It has become fashionable to trash millennials. Some claim that millennials are the unleadable generation having a huge sense of entitlement are lazy and unfocused. While I can understand the frustration a manager feels employing millennials, especially when using orthodox methods of leadership, I find the labels given to them as misleading.
Millennials are choosy, not lazy
They ask themselves ‘is this going to add value to my work’ or is it just ‘procedure’. Millennials need to know the why before the how.
Millennials hate feeling ‘stuck’
They do not have a huge sense of entitlement they require well-communicated career progression pathways because they hate feeling there is no room for growth. With so many other ‘focuses’ out there, no millennial wants to waste valuable time waiting aimlessly. Millennials get bored quicker than their previous generation.
Millennials are multi-focused, not unfocused
Rather than unfocused, alienated or detached, millennials are consistently aroused by the multiple stimuli derived from social media. Instead of describing millennials as unfocused, I would say that they have multiple focuses that keep shifting all the time due to the sheer influx of information.
This is happening to most of us, irrespective of the generation we form part of. One minute we see a video of how a man became wealthy in 100 days which draws us in, and a few seconds or feeds later, we are immediately enticed by someone else happily enjoying life traveling in the remote regions of the world.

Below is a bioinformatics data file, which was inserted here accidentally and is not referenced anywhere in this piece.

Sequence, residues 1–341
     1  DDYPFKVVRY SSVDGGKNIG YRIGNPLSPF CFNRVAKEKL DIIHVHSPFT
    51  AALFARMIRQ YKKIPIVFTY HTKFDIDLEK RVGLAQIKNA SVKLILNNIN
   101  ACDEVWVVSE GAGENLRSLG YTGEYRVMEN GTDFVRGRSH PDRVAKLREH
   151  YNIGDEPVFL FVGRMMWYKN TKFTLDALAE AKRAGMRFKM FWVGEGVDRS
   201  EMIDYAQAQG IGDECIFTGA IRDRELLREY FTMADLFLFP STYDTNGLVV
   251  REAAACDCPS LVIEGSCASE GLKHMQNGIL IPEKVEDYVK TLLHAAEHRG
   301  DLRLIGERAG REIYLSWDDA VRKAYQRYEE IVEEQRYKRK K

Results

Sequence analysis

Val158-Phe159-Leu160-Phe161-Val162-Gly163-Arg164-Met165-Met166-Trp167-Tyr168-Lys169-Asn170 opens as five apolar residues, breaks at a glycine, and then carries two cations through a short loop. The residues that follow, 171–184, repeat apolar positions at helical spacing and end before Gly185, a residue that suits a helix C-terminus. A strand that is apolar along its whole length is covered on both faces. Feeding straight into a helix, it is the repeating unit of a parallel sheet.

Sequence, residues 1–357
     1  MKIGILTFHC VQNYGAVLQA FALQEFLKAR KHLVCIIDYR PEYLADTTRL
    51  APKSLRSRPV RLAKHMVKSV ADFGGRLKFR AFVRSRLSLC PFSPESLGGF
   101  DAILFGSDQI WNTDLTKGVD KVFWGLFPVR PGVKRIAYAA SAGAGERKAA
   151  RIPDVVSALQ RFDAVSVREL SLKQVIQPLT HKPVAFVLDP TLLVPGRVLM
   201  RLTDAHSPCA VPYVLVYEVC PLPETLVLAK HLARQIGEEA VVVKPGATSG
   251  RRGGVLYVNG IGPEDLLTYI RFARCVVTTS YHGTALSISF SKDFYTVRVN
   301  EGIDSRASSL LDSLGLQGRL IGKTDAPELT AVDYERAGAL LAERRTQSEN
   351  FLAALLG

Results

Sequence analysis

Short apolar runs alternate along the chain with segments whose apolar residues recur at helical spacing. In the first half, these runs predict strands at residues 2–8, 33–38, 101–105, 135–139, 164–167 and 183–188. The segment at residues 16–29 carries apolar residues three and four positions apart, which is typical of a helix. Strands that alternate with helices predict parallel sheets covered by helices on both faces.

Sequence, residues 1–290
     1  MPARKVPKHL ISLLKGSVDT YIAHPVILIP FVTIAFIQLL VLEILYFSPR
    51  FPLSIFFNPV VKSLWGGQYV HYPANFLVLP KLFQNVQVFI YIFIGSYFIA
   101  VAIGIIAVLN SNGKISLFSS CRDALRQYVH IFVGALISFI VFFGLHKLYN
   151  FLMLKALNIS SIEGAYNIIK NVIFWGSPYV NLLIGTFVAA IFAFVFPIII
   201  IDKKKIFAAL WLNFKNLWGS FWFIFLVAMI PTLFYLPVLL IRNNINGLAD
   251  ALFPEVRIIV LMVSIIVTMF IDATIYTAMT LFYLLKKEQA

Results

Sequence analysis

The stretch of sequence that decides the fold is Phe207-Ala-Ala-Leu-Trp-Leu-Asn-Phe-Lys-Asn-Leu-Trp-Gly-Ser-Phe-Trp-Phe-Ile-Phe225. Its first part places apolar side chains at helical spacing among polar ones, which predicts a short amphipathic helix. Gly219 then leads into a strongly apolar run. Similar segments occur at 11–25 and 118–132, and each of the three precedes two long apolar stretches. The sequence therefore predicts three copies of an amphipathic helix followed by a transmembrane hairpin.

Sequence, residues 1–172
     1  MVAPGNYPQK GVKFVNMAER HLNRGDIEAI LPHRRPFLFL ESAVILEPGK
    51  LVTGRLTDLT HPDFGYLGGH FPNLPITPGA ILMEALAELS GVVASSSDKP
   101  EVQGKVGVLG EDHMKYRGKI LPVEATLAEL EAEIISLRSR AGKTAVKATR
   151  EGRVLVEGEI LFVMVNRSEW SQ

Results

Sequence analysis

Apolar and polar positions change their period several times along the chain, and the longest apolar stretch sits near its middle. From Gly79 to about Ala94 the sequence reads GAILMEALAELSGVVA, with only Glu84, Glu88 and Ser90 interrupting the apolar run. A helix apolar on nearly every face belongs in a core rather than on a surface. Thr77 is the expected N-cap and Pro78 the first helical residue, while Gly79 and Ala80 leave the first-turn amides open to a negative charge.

Can millennials still be managed?
Not just managed, they can be your best workers, but only if you are aware of the paradox that surrounds them.
Millennials love autonomy, they want their leaders to assign to challenging tasks and allow them the flexibility to carry out the task in the way they deem best. However, as much as millennials love autonomy, they hate the feeling of abandonment. They need to feel that their bosses care about them and thrive on frequent short meaningful interaction with their leaders. These little conversations help millennials readjust their focus to become better aligned with the company objectives. These conversations also allow the leader to identify talent and offer the millennial an opportunity to develop further. These conversations hit the 3 main elements of motivation: autonomy, mastery, and purpose.
Contact ThinkTalent today to find out more about managing millennials through our specialised management and leader courses and workshops.